1174. Epidemiology of Meningitis and Encephalitis in the United States from 2011-2014.
Session: Poster Abstract Session: Clinical Infectious Diseases: CNS Infection
Friday, October 28, 2016
Room: Poster Hall
  • ME Poster.pdf (534.8 kB)
  • Background:

    Meningitis and encephalitis can be caused by various infectious pathogens but large epidemiological studies evaluating etiologies, management decisions and outcomes in the United States (US) are lacking.


    All adult patients (age ≥18 years) with a discharge or admitting diagnosis of meningitis or encephalitis by ICD-9 codes available in the US Premier Healthcare Database from 2011-2014 were analyzed.


    A total of 26,429 patients with meningitis or encephalitis were identified. The median age was 43 years; 53% were female. The most common etiology was viral (16152, 61%); followed by unknown (4944, 18.7%), bacterial (3692, 13.9%), non-infectious (921, 3.4%), and fungal (720, 2.7%). Empirical antibiotics, antivirals and antifungals were administered in 85.8%, 53.4%, and 7.8%, respectively and varied by etiologies. Adjunctive steroids were utilized in 25.1% of all patients and in 44.7% of patients with bacterial meningitis. The median length of hospital stay was 4 days; with the longest duration in those with fungal (13 days), arboviral (10 days ), and bacterial meningitis (7 days) . Overall mortality was 2.9% and was higher in those with bacterial (8.2%), fungal (8.2%), or arboviral (8.9%) etiologies. Readmission rate at 30 days was 3.2%; patients with arbovirus (12.7%), bacterial (6.7%) and fungal (5.4%) etiologies had higher rates.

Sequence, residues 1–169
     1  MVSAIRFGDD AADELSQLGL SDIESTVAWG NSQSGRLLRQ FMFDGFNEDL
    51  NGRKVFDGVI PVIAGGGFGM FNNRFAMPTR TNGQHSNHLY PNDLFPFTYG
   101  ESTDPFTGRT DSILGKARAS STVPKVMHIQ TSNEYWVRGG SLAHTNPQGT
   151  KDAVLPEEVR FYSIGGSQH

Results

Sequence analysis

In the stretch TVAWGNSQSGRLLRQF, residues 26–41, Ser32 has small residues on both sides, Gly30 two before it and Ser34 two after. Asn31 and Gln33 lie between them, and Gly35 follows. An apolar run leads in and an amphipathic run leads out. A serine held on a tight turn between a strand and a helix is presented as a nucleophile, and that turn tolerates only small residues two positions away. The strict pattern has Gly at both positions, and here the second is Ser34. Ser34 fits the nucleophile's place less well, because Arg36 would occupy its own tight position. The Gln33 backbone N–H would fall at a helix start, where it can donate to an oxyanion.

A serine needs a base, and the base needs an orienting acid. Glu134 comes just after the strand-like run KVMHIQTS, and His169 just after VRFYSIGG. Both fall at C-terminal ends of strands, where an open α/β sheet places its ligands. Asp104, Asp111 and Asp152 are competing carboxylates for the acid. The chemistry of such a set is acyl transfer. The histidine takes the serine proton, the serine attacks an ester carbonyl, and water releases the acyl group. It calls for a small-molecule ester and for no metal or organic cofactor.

Meningitis and encephalitis was most commonly caused by viruses; management decisions and clinical outcomes vary by etiology. Adjunctive steroids are being underutilized in bacterial meningitis.

    Rodrigo Hasbun, MD, MPH1, Ning Rosenthal, MD MPH2, Jessica Chung, Phd MPH2, Christine ‎ Ginocchio, PhD MT3, Joan-Miquel Balada-Llasat, Pharm D, PhD4, Lou Banks, Senior Global Brand Manager5, Louise Zimmer, Research Coordinator3 and Samuel Bozzette, MD PhD3, (1)Division of Infectious Diseases, University of Texas Health Science Center at Houston, Houston, TX, (2)Premier Research, Charlotte, NC, (3)bioMérieux, Durham, NC, (4)Ohio State University Medical Center, Columbus, OH, (5)Biofire Diagnostics, Salt Lake City, UT


    R. Hasbun, bioMérieux: Consultant , Consulting fee

    N. Rosenthal, Premier access: Consultant , Contracted by Biomeriaux

    J. Chung, Premier access: Consultant , contracted by Biomerieux

    C. Ginocchio, BioFire Diagnostics: Employee , Salary

    J. M. Balada-Llasat, Biomerieux: Consultant , Consulting fee

    L. Banks, Biofire diagnostics: Employee , Salary

    L. Zimmer, Biomerieux: Employee , Salary

    S. Bozzette, Biomerieux: Employee , Salary

    Findings in the abstracts are embargoed until 12:01 a.m. CDT, Wednesday Oct. 26th with the exception of research findings presented at the IDWeek press conferences.